After a shipment of Russian nuclear weapons is hijacked by a disgruntled Russian general Alexsander Kodoroff (Alexander Baluev), Dr. Julia Kelly (Nicole Kidman), a specialist in nuclear smuggling, is put in charge of the U.S. efforts to keep the weapons out of unfriendly hands.
To assist her, she is assigned an Army contact, Thomas Devoe (George Clooney). Now, Thomas and Julia have differing styles. She is a level-headed rational over-thinker. He's a hot-headed, quick acting, do-what-it-takes-to-get-the-job-done type of guy.
Alexsander plans to sell the weapons to the highest bidder. The first man who is interested is the tormented Serbian diplomat, Dusan Gavrich (Marcel Iures). His wife and daughter were killed in the Bosnian turmoil, and he blames the West. Now he wants his own personal nuke. Can you see where this is headed?
The trouble with the film is that you can see where all of it is headed. If you bother to take your brain out of neutral, you can pretty much figure out the end of the film from only a few minutes in.
But, sometimes it's fun to coast. And in that respect, the film is like one big downhill slope. It's set pieces may be routine, but they're exciting to watch.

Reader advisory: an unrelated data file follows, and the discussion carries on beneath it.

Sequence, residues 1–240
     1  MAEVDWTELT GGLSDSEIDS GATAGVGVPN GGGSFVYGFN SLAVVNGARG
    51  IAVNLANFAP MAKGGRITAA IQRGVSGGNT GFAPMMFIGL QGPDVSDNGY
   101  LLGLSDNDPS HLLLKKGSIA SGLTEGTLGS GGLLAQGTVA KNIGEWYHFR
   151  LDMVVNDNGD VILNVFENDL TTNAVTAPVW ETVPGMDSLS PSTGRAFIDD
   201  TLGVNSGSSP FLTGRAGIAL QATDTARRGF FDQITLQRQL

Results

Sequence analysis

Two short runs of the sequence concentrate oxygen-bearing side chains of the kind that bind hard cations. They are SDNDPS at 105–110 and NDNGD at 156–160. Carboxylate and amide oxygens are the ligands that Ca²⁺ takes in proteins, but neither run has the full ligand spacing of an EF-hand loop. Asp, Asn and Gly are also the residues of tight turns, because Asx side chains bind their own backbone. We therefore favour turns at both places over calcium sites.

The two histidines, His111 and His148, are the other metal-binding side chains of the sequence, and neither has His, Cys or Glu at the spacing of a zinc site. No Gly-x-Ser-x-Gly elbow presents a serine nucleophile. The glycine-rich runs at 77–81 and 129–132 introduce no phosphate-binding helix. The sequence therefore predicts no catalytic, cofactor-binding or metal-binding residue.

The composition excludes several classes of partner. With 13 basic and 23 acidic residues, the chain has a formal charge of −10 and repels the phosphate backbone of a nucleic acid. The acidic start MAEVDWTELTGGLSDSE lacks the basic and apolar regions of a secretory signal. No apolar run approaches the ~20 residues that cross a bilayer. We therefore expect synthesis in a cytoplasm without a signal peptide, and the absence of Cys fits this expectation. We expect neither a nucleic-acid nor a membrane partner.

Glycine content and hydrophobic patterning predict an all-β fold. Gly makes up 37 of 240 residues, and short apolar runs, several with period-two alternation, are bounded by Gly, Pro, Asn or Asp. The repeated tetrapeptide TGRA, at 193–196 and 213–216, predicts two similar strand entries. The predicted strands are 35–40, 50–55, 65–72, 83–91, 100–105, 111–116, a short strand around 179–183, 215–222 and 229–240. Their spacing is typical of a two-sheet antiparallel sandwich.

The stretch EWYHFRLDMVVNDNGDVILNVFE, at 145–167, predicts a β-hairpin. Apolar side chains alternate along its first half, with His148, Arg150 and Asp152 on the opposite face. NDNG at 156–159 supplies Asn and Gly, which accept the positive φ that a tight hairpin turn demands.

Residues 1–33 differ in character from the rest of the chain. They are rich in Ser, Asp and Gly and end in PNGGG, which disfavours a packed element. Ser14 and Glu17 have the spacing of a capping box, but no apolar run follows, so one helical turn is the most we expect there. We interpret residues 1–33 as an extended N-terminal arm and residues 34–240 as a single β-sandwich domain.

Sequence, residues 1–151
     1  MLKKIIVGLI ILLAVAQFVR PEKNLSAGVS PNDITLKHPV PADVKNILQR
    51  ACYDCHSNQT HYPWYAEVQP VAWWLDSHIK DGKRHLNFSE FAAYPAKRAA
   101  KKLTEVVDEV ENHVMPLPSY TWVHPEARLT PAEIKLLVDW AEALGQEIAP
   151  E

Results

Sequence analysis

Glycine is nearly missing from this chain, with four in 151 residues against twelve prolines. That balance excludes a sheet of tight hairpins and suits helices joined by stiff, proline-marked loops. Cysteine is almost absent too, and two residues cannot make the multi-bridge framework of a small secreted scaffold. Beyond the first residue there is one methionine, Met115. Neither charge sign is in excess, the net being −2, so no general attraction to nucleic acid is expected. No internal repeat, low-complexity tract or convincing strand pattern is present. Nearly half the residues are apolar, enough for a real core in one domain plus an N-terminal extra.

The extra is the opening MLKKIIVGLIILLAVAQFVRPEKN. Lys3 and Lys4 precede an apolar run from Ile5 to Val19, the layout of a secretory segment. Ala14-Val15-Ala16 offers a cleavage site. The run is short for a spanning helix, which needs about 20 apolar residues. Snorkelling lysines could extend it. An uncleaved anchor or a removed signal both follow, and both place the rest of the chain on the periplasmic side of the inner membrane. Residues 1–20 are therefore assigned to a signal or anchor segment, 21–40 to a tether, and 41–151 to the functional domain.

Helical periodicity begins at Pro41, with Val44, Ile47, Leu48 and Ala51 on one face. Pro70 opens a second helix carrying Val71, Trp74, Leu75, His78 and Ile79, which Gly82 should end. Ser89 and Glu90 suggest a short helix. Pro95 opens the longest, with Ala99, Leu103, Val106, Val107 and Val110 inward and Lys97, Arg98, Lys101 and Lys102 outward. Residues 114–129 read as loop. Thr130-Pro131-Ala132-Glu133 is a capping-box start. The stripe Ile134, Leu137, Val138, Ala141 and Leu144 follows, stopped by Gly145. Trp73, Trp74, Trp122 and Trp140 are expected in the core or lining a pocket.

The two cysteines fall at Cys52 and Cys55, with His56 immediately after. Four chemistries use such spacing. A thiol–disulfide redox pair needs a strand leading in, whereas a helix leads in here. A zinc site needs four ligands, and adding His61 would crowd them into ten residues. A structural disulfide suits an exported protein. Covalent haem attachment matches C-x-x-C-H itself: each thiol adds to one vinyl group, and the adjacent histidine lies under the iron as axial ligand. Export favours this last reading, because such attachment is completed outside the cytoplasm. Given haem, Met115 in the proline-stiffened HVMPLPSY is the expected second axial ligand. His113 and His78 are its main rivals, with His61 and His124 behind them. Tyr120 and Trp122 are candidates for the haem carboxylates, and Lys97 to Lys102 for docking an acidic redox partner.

Clooney and Kidman are amiable as the leads, but their characters are rather generic. Iures has a meatier character, but comes off as a rather uninteresting villain.
Perhaps the most interesting detail about the film is its moral stance. The recovery of a rogue nuclear device is worth any means neccessary, be they civilian casualties or even acts of war. The film never gets bogged down in an ethical debate over the consequences, but it is the most thought-provoking idea in a nearly thought-free movie.
Director Mimi Leder has crafted a familiar, but enjoyable, action thriller. It may not be an ideal movie, but it knows its formula well.
[R - strong violence and some language] (Dreamworks)